The Secretariat introduced documents on Strategic Goal D and ecosystem restoration (UNEP/CBD/SBSTTA/17/Add.4 and 7). LITHUANIA and FINLAND supported using tools already developed under the CBD and other conventions. AUSTRALIA underlined the relevance of monitoring soil microbial communities and further understanding land-use impacts on soil ecosystems. The CBD ALLIANCE hoped for more regionally balanced expert selection and further stakeholder integration in future meetings. The IIFB recommended acknowledging ecosystems’ contribution to cultural values and the contribution of such values to the maintenance of ecosystem services; and addressing the effects of nuclear energy on biodiversity, particularly marine species. The RAMSAR CONVENTION noted the need for global comprehensive wetland mapping.
On Target 14 (ecosystem restoration), NEPAL suggested using tools and methodologies developed under Target 11 (PAs), and urged specific work on mountain ecosystems. SOUTH AFRICA described ecosystem restoration as an indispensable complement to conservation in achieving the Aichi Targets. The UK called for integrating ecosystem restoration with poverty alleviation. GUATEMALA highlighted the need to improve capacity in ecosystem restoration. JAPAN drew attention to the Satoyama Initiative, promoting sustainable use in socio-ecological production landscapes and seascapes. LITHUANIA noted challenges in identifying and prioritizing ecosystem services essential for human well-being, and, with BELGIUM, called for focusing on socioeconomic benefits of ecosystem restoration. FINLAND and the UK recommended enhancing understanding of how ecosystem services provide benefits for human health. THAILAND lamented lack of attention to monitoring ecosystem functions. PACIFIC ISLANDS called attention to the cultural and spiritual value of ecosystems and their role in climate change adaptation. UGANDA explained restoration would benefit from up-scaling ecosystem payments, capacity building and involvement of local communities. MADAGASCAR highlighted the restoration needs of mining and oil exploration sites.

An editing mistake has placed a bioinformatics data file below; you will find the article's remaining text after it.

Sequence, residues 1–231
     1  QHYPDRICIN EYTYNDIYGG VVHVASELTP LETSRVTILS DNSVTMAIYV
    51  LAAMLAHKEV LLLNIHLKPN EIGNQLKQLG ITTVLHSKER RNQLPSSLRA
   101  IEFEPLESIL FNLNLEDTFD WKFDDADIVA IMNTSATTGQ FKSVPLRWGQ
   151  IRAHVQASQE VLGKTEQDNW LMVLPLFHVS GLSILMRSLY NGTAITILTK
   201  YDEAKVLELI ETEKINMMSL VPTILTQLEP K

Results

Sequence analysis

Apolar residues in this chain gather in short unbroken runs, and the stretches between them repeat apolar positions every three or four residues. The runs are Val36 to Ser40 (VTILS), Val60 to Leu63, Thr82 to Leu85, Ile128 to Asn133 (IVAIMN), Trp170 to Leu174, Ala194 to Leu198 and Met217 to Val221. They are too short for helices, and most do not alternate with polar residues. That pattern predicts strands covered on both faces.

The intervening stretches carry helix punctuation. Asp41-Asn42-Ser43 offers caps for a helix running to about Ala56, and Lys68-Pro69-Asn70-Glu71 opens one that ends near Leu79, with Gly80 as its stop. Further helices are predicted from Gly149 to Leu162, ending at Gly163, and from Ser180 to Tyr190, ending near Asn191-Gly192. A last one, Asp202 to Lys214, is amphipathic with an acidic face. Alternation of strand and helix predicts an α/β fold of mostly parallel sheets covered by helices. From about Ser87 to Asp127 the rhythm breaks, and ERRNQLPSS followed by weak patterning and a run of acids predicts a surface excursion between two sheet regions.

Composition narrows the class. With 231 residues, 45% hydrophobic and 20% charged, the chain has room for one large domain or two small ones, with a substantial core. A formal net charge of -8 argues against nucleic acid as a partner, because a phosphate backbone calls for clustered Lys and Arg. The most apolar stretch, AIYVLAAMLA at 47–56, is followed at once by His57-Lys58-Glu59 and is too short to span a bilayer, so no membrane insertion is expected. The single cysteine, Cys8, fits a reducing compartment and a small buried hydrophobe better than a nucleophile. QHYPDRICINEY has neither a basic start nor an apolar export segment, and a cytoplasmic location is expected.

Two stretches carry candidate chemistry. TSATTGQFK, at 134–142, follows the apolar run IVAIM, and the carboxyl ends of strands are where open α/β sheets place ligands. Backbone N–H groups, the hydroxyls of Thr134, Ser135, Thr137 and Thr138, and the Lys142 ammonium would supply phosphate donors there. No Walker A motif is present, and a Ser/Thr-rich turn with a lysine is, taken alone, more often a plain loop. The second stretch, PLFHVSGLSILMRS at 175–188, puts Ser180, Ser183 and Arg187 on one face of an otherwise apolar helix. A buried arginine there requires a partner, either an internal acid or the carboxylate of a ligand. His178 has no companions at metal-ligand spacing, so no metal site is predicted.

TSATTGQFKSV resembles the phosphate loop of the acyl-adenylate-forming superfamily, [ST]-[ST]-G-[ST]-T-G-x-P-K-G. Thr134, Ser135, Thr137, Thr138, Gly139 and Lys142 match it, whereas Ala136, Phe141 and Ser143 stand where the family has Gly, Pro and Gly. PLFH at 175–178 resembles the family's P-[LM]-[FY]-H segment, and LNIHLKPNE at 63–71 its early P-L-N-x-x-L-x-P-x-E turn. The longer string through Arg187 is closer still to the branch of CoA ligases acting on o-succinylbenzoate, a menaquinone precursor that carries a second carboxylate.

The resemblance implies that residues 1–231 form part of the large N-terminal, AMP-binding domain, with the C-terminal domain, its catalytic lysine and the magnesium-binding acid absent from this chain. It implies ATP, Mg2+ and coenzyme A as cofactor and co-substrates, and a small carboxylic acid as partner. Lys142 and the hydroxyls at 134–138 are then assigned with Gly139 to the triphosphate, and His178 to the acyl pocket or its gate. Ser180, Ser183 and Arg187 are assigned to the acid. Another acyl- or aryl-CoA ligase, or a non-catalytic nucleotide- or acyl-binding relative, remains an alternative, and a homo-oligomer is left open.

On Target 15 (ecosystem resilience), MEXICO pointed to lack of experience in restoration work, particularly with regard to marine and coastal ecosystems, and urged SBSTTA Chair’s involvement in IPBES thematic assessment of degradation and restoration. LITHUANIA noted the need for further development of tools and taking into account the location and extent of degraded lands. FINLAND urged further development of tools to assess benefits for human well-being. THAILAND called for criteria for degraded ecosystems. SOUTH AFRICA said the biodiversity sector needs to address adaptation and vulnerability of ecosystems to climate change. CANADA urged developing additional indicators on combating desertification and better understanding degraded ecosystems. NORWAY recommended better understanding ecosystem resilience in terms of stocking carbon over time, including an indicator on resilience. BELGIUM suggested compiling restoration methods and best practices.
On Target 16 (Nagoya Protocol), ARGENTINA underscored national efforts to develop an adequate legal framework, as well as progress towards ratifying the Protocol.